Copies of the OU Guide to Checking Fruits & Vegetables are available through the OU Kashrut Division, and can also be accessed at the OU web site at www.oukosher.org.

Type of insect: Aphids are the size of a pin head; they are light green, round insects. Thrips are the size of the “1” in a dollar bill serial number; they are linear, black or grayish insects.

Method of inspection: When checking leafy vegetables or herbs on a light box, both sides of each leaf must be checked.

FRESH VEGETABLES

ARTICHOKE

Type of insect: Aphids and thrips

Location of insect: Deep between the leaves

Method of Inspection: Artichoke: Examine one by one.
Heart of the artichoke: Spread apart the artichoke leaves; carefully examine around and between the leaves. If there is no sign of insect infestation, wash thoroughly. Due to the difficulty involved in checking them, artichoke hearts are not served in OU-certified restaurants.
Solid artichoke bottom: No inspection necessary. Rinse prior to use.

ASPARAGUS

Type of insect: Thrips

Location of insect: Under triangle parts, along the stem and in the tips

Method of Inspection: Green asparagus: Shave down the tips; remove the triangle tips; remove the triangle parts along the stem and in the tips.
White asparagus: Wash thoroughly before using.

BEANS

Type of insect: Worms, when stored for prolonged periods of time or improperly

Location of insect: Can be in the middle of the bean

Method of Inspection: Soak for approximately half an hour; remove wormy beans that float to the top of the water.

BROCCOLI

Type of insect: Aphids, thrips or broccoli worms; may appear brownish after parboiling

Location of insect: Lodged in the floret head, or at the base area connecting the floret to the stem

Method of Inspection: Fresh broccoli stems: Wash thoroughly.
Fresh broccoli, whole: Parboil for one minute. Segregate each head; if a section of a broccoli head shows infestation, the entire head must be discarded. Look carefully at the branched area of each floret in the crevice formed by two branches forking out from a single trunk shaped like a Y; spread apart each floret head and look through the florets into the branch area. If one or two insects are found, examine the remaining section of the head; if three insects are found, the entire head should be discarded.

CABBAGE

Type of insect: Thrips or cabbageworms

Location of insect: Most often in the six outermost leaves

Method of Inspection: Green cabbage: Detach loose leaves; discard. Core and split the cabbage in half. Peel three layers from each half; check both sides of these six leaves under direct light. If no insects are found, they and the remaining leaves of the head may be used without further checking. It is recommended that the remaining leaves be washed before use. If three or more insects are found, the remaining leaves must be washed and checked.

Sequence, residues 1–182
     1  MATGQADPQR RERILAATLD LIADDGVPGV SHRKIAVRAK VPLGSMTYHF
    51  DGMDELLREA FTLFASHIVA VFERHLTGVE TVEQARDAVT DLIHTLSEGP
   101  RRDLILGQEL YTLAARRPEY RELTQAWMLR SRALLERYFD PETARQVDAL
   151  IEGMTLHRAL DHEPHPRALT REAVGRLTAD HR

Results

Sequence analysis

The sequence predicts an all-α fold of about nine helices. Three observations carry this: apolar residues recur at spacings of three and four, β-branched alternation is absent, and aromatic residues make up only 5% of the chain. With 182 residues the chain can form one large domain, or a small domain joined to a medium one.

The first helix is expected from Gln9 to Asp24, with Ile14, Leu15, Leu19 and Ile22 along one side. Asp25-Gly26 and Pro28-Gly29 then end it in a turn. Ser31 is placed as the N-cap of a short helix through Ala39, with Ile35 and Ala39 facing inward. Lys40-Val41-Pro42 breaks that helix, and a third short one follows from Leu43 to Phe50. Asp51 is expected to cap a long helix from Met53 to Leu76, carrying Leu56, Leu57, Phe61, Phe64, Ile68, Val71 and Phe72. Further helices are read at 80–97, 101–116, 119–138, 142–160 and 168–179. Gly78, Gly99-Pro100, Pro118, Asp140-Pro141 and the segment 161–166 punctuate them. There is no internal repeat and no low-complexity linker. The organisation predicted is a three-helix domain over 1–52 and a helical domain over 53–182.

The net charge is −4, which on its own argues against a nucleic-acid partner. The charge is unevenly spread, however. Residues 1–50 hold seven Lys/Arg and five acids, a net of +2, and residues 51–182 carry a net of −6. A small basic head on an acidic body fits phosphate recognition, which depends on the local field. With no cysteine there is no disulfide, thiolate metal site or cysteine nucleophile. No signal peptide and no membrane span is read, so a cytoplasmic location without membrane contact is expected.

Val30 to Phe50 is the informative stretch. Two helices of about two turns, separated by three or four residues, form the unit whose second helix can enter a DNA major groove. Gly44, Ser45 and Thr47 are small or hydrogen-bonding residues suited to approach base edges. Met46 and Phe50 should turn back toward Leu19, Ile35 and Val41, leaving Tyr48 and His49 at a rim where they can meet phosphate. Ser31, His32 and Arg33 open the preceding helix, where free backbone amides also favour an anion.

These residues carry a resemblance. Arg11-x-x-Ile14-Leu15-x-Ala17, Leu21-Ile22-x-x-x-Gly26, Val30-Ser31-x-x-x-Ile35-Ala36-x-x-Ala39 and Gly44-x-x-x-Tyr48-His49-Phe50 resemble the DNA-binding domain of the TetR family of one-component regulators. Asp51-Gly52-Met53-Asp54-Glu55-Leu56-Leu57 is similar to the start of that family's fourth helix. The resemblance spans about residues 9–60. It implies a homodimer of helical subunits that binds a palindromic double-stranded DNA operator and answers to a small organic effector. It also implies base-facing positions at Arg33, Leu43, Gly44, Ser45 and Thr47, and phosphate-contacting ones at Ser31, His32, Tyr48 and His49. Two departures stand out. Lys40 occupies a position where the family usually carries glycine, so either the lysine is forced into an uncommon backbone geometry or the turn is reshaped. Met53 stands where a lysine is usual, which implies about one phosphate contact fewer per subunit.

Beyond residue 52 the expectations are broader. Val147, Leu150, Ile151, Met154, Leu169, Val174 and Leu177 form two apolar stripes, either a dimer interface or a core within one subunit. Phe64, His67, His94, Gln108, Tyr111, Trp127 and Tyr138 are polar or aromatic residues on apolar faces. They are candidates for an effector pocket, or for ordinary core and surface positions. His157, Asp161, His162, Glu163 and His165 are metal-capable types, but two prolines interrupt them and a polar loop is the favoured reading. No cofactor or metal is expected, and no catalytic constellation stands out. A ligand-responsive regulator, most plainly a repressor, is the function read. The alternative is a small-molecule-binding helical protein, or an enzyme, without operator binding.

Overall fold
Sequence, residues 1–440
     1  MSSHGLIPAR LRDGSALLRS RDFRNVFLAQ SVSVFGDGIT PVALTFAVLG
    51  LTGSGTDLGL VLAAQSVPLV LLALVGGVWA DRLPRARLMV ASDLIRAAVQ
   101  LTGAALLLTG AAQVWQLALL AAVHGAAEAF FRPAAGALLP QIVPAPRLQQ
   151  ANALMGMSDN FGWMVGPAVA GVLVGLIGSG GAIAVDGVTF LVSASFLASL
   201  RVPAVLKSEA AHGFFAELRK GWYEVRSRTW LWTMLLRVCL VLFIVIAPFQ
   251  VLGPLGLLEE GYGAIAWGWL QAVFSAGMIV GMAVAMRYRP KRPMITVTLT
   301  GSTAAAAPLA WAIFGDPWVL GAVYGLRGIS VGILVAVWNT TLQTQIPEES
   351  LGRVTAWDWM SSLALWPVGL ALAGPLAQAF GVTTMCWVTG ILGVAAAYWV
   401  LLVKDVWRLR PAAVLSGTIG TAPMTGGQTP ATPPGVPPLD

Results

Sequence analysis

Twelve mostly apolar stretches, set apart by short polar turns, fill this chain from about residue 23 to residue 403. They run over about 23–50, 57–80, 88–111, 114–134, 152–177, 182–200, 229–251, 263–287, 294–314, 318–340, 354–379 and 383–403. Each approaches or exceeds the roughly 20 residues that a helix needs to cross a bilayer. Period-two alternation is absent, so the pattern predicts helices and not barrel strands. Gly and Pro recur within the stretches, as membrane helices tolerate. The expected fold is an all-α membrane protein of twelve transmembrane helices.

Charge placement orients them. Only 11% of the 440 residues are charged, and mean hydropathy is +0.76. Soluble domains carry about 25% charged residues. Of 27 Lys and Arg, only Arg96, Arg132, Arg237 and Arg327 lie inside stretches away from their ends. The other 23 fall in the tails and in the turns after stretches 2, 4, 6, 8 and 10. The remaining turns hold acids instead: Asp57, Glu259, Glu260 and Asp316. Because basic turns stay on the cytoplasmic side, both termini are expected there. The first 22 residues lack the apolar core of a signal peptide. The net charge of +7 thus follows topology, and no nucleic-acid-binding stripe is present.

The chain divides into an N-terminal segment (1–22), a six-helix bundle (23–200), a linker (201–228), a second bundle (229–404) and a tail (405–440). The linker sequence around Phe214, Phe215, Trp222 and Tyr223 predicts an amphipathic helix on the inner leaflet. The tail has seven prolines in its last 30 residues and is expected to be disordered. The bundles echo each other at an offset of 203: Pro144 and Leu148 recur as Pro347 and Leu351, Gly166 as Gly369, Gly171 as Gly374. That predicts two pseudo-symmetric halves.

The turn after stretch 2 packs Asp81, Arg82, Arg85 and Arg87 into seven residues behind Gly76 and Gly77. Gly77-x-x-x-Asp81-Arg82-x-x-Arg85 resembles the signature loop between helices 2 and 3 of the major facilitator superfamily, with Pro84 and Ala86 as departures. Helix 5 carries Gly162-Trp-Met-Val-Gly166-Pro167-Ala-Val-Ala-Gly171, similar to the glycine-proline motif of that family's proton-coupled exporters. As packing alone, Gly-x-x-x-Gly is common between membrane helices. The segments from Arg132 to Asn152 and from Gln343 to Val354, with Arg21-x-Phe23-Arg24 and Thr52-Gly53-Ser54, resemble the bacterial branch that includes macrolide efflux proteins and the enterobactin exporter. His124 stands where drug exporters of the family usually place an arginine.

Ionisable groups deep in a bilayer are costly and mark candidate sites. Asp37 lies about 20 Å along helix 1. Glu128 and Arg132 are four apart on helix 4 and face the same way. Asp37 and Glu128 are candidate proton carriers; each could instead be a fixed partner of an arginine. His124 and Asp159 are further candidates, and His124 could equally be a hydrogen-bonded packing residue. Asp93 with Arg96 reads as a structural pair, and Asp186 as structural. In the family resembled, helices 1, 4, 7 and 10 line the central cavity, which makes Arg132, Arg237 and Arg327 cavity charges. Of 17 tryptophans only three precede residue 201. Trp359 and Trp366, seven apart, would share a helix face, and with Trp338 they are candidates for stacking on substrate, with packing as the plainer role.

Red cabbage: Detach loose leaves; discard. Core and split the cabbage in half. Wash both sides of each leaf; wash in a colander if shredded; no inspection necessary.

CAULIFLOWER

Type of insect: Thrips or small orange insects

Location of insect: Inside or between small, thin white branches

Method of Inspection: Separate and remove florets from stem. Examine cauliflower, paying careful attention to the underpart of the floret; wash thoroughly before using.

CELERY

Type of insect: Thrips, flies or worms

Location of insect: On the inside and outside of the stalk, especially close to the base or on the leaves

Method of Inspection: Remove all leaves. Hold celery firmly under heavy stream of water; brush down both the inside and the outside of each stalk with your finger or a vegetable brush. If a worm burrow is spotted, slit the celery stalk open, remove the worm, and wash thoroughly. Leaves must be washed with soapy solution.

ENDIVES

Type of insect: Thrips

Location of insect: On leaves

Method of Inspection: Remove leaves and wash; no visual inspection needed.

HERBS

Type of insect: Aphids or thrips

Location of insect: On the surface of the leaves or stem

Method of Inspection: Soak in cold water; add several drops of concentrated, non-scented liquid detergent or vegetable wash. Agitate leaves in water to wash surfaces; use a heavy stream of water to remove all foreign matter and soap from the surface of the herbs. Check each leaf on both sides under a direct light. If one or two insects are found, rewash the herbs.

ICEBERG LETTUCE

Type of insect: Aphids or thrips

Location of insect: In the folds and crevices of the first four layers

Method of Inspection: Detach loose leaves; discard. Core lettuce; split head in half. Peel four layers off the head, and check both sides of each leaf under a direct light. If no insects are found, the head may be used without further checking. It is recommended that the remaining leaves be washed before use; if three or more insects are found, the remaining leaves must be washed before they are used.